According to a bombshell report by The Intercept, officials inside the Department of Homeland Security expected violence at the Capitol on January 6, 2001, but decided to keep it to themselves.
Within the department’s Office of Intelligence and Analysis, the sole component of the federal government authorized to disseminate threat information to state and local law enforcement agencies, anxious analysts watched how maps of the Capitol were being circulated on social media amid talk of “hanging Democrats, murdering protesters, and dying in a blaze of glory.”
The Intercept reported that “homeland Security officials warned each other to be vigilant going to and from work as the “Stop the Steal” rally to protest the results of the 2020 election approached.”
Expecting violence, some officials planned to stay home when the day finally came, the report says. Despite the measures they planned to take for their own safety, however, and the overwhelming evidence that January 6 was a powder keg waiting to blow, the federal office responsible for warning the rest of the government about dangerous events decided to keep its concerns to itself.
FROM THE INTERCEPT:
The report presents a series of messages that two “collectors,” officials responsible for trawling through open-source information to identify domestic security threats, exchanged late on the night of January 2, after one of the officials noticed that people were sharing a map of the Capitol online.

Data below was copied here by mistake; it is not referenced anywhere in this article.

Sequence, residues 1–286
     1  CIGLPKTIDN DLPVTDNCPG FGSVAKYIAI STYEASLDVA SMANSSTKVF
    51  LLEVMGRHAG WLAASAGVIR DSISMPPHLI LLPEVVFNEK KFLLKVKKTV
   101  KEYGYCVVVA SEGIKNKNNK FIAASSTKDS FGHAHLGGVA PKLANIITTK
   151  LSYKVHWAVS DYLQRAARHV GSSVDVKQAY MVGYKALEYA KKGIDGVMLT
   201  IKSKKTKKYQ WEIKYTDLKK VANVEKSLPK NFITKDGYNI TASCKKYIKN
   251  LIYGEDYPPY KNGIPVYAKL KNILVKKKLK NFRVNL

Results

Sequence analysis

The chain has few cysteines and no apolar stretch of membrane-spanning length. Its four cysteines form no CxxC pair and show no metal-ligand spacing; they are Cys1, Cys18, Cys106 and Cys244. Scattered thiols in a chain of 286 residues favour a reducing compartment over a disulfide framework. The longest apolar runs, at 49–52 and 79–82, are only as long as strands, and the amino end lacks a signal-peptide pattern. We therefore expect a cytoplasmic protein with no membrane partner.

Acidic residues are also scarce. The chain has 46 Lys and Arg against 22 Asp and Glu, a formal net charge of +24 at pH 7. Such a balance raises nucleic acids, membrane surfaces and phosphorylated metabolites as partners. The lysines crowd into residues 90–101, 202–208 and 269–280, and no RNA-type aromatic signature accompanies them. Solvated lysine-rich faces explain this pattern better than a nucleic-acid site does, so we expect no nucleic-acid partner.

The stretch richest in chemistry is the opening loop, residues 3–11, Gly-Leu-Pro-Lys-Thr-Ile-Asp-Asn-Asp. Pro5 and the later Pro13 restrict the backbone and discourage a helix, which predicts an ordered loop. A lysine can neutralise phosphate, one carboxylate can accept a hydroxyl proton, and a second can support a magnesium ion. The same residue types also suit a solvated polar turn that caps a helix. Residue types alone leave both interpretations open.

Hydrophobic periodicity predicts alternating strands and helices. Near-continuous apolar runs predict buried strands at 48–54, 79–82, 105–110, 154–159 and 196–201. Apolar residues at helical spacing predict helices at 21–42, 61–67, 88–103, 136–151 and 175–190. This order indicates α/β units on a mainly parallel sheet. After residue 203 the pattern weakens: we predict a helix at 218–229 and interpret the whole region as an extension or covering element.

“I feel like people are actually going to try and hurt politicians,” the official who came across the map wrote. “Jan 6th is gonna be crazy, not to mention the inauguration.”
The official suspected that their supervisors would order extra shifts for the event, writing, “Watch us get surged for that lol.”
The second official had a similar feeling, adding that the Proud Boys — a right-wing street-fighting gang — were in town the night before. A few hours later, the first official wrote again.
“Like there’s these people talking about hanging Democrats from ropes like wtf,” they said.
“They’d need alot of rope,” the second official replied. “I think DC is pretty much all democrat haha.”
“I feel like people are actually going to try and hurt politicians.”
By 2:53 a.m., the first official had arrived at a succinct description of the threats they were seeing: “I mean people are talking about storming Congress, bringing guns, willing to die for the cause, hanging politicians with ropes,” they wrote.
According to the inspector general, neither official considered filing a report describing what they were seeing. “When reviewing threats pertaining to January 6 events, the collectors generally concluded that the statements online were hyperbole, and not true threats or incitement, because they thought storming the U.S. Capitol and other threats were unlikely or not possible,” the report said.
One collector who spoke to the oversight investigators recalled describing to a colleague how “nervous” they were after seeing a group of people who looked “like they are going to battle” post about their arrival in Washington. “Yet, these collectors did not draft any intelligence products reflecting possible safety concerns in the area,” the report states.
The collector said “people were afraid to do their jobs because of the fear of being reprimanded by I&A leadership and concerns about congressional scrutiny.”